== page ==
Why Kevin Cheveldayoff still owes Kyle Beach an apology

Winnipeg Jets general manager Kevin Cheveldayoff owes Kyle Beach an apology. (CP)

WINNIPEG – Kevin Cheveldayoff owes Kyle Beach an apology.

He’s not alone in that regard, but he’s definitely not exempt either.

A simple “I’m sorry” was the one big thing absent from the statement by Cheveldayoff released by the Winnipeg Jets after the NHL ruled he would not be disciplined with respect to the Brad Aldrich matter after a meeting with commissioner Gary Bettman on Friday in New York.

Perhaps Cheveldayoff wants to save that important part of the process for when he speaks publicly for the first time on this matter, alongside Jets governor and co-owner Mark Chipman, who accompanied his general manager to the meeting at the NHL head office.

That meeting with the media is scheduled for Monday, according to Sportsnet’s Elliotte Friedman, but much like the Jets’ insistence to move up the discussion with Bettman from Monday, the same should be considered here.

Don’t let this story linger. Tackle this important topic head-on.

This conversation isn’t going to somehow slip away quietly into the night.

It’s not a product of a 24-hour spin cycle, only to be replaced by announcing a contract extension for an important player or welcoming a player back from the NHL’s Covid-19 protocol.

This stretches beyond hockey and into the culture of the sport that requires serious repair.

Many people in the hockey world let down the Chicago Blackhawks prospect with their inability to take appropriate action back in 2010, when the sexual assault allegations were brought forth in a meeting on May 23 of that year.

Cheveldayoff was one of the people who let Beach down, even if he doesn’t shoulder the same level of blame or responsibility as the six others in the meeting who have either left the Blackhawks organization or been given the opportunity to resign.

Here’s the start of the aforementioned statement released by the Jets on Friday:

“First and most importantly, I want to express my support of and empathy for Kyle Beach and all he has had to endure since 2010,” wrote Cheveldayoff. “He was incredibly brave coming forward to tell his story. We can all use his courage as an inspiration to do a better job of making hockey a safer space for anyone who wants to play the game.”

Supporting Beach is something almost the entire hockey world is doing and acknowledging his pain and bravery makes perfect sense.

However, a better choice of words would have included using sympathy rather than empathy.

That may seem like a minor detail to some, but words matter.

It’s nearly impossible for anyone to know what Beach went through and continues to go through – unless you are a victim of sexual assault.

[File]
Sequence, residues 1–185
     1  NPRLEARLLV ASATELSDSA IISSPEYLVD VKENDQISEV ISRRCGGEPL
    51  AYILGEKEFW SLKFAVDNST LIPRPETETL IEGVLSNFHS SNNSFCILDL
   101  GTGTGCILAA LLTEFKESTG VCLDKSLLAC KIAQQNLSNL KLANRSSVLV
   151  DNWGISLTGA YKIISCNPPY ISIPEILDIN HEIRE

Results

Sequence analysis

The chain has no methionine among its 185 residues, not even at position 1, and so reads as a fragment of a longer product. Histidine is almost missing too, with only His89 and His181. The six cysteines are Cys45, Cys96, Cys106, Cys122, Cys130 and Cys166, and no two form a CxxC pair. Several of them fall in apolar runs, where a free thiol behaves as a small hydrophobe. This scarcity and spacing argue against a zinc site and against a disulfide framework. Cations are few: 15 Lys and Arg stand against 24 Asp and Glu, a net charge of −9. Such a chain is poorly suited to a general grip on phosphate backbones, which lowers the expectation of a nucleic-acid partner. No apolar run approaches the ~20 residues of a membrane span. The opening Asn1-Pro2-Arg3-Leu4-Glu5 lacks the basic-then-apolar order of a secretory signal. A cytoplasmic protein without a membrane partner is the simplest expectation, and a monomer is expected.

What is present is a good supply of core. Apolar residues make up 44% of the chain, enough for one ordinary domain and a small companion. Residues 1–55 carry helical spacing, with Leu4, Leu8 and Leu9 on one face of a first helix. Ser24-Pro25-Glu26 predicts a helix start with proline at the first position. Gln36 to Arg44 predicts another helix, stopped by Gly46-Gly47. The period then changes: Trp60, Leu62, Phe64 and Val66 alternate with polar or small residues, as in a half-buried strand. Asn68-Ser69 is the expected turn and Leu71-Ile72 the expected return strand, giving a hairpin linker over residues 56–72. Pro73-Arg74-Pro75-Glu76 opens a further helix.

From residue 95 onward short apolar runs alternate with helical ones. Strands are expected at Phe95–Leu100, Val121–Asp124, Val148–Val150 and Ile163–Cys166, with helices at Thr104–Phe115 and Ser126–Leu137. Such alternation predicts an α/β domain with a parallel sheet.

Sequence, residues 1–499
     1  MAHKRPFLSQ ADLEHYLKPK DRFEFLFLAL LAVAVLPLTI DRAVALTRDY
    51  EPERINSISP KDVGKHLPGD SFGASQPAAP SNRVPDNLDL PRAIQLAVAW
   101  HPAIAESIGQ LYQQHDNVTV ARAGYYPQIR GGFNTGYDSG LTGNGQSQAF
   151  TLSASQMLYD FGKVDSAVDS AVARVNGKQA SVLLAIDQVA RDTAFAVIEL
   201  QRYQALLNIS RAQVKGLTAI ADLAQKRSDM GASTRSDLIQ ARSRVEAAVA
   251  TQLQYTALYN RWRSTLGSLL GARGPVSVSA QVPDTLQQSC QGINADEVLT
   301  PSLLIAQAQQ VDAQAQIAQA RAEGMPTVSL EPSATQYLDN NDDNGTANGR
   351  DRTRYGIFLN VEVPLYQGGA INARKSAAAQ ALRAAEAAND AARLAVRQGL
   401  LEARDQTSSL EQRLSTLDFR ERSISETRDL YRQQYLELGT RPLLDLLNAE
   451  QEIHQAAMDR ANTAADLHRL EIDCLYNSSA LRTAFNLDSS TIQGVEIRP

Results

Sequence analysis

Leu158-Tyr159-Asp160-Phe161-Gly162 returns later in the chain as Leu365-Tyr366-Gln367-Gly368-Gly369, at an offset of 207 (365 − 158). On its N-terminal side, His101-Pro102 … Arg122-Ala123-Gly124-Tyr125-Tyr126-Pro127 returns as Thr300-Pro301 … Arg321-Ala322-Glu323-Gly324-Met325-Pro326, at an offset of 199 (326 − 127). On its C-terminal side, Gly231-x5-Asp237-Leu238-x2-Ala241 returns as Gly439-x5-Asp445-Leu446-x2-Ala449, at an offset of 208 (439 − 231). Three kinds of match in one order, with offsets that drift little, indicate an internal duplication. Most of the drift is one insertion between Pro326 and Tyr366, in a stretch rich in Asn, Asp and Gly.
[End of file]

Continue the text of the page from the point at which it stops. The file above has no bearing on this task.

Ultimately, it’s the actions of Cheveldayoff and the Jets’ organization that matter most.

When it comes to making the hockey world a safer place, Cheveldayoff and the Jets must do their part to ensure that is exactly what happens.

Given some of the background about the circumstances and power structure at the time, one could understand why someone new to the organization wouldn’t necessarily want to risk rocking the boat.

However, with the benefit of hindsight and experience, what can Cheveldayoff tell us about the type of environment he’s worked to foster during his 11-year tenure as the GM of the Jets?

And what is he doing to ensure someone who reports to him would be comfortable enough to bring important matters to his attention, even if they’re not in a senior position of management?

It was essential for Cheveldayoff to cooperate with the Jenner and Block investigation and he was able to provide answers for the report that was released earlier this week.

The same goes for his meeting with Bettman, as evidenced in the statement released by the NHL that explained the reasons that no further action was taken.

The basis of that explanation revolves around what Cheveldayoff learned in the May 23, 2010, meeting and what was said by his superiors about how the issue would be handled.

As for Chipman, it’s also important for him to take questions on why he is standing beside Cheveldayoff in this situation.

Chipman has known Cheveldayoff the longest and knows how he conducts business behind closed doors.

Chipman is clearly comfortable having Cheveldayoff continue in this important position of authority, that’s part of the reason he was at his side in the meeting with Bettman when his job could have easily been hanging in the balance.

Sharing those thoughts in a public forum where some difficult questions will be asked is the next step in this complex process.

Issuing another statement is not going to be enough.

The NHL has exonerated Cheveldayoff from any punishment or discipline, so it’s time for him to share genuine thoughts and emotions on the matter.

This isn’t about pointing the finger and assigning blame to someone else – that’s not Cheveldayoff’s style and wouldn’t accomplish anything.

Just as Kyle Beach put a human face on this grave injustice, it’s imperative that both Cheveldayoff and Chipman speak from the heart and provide concrete examples of how they will try to bring hockey to a better place.

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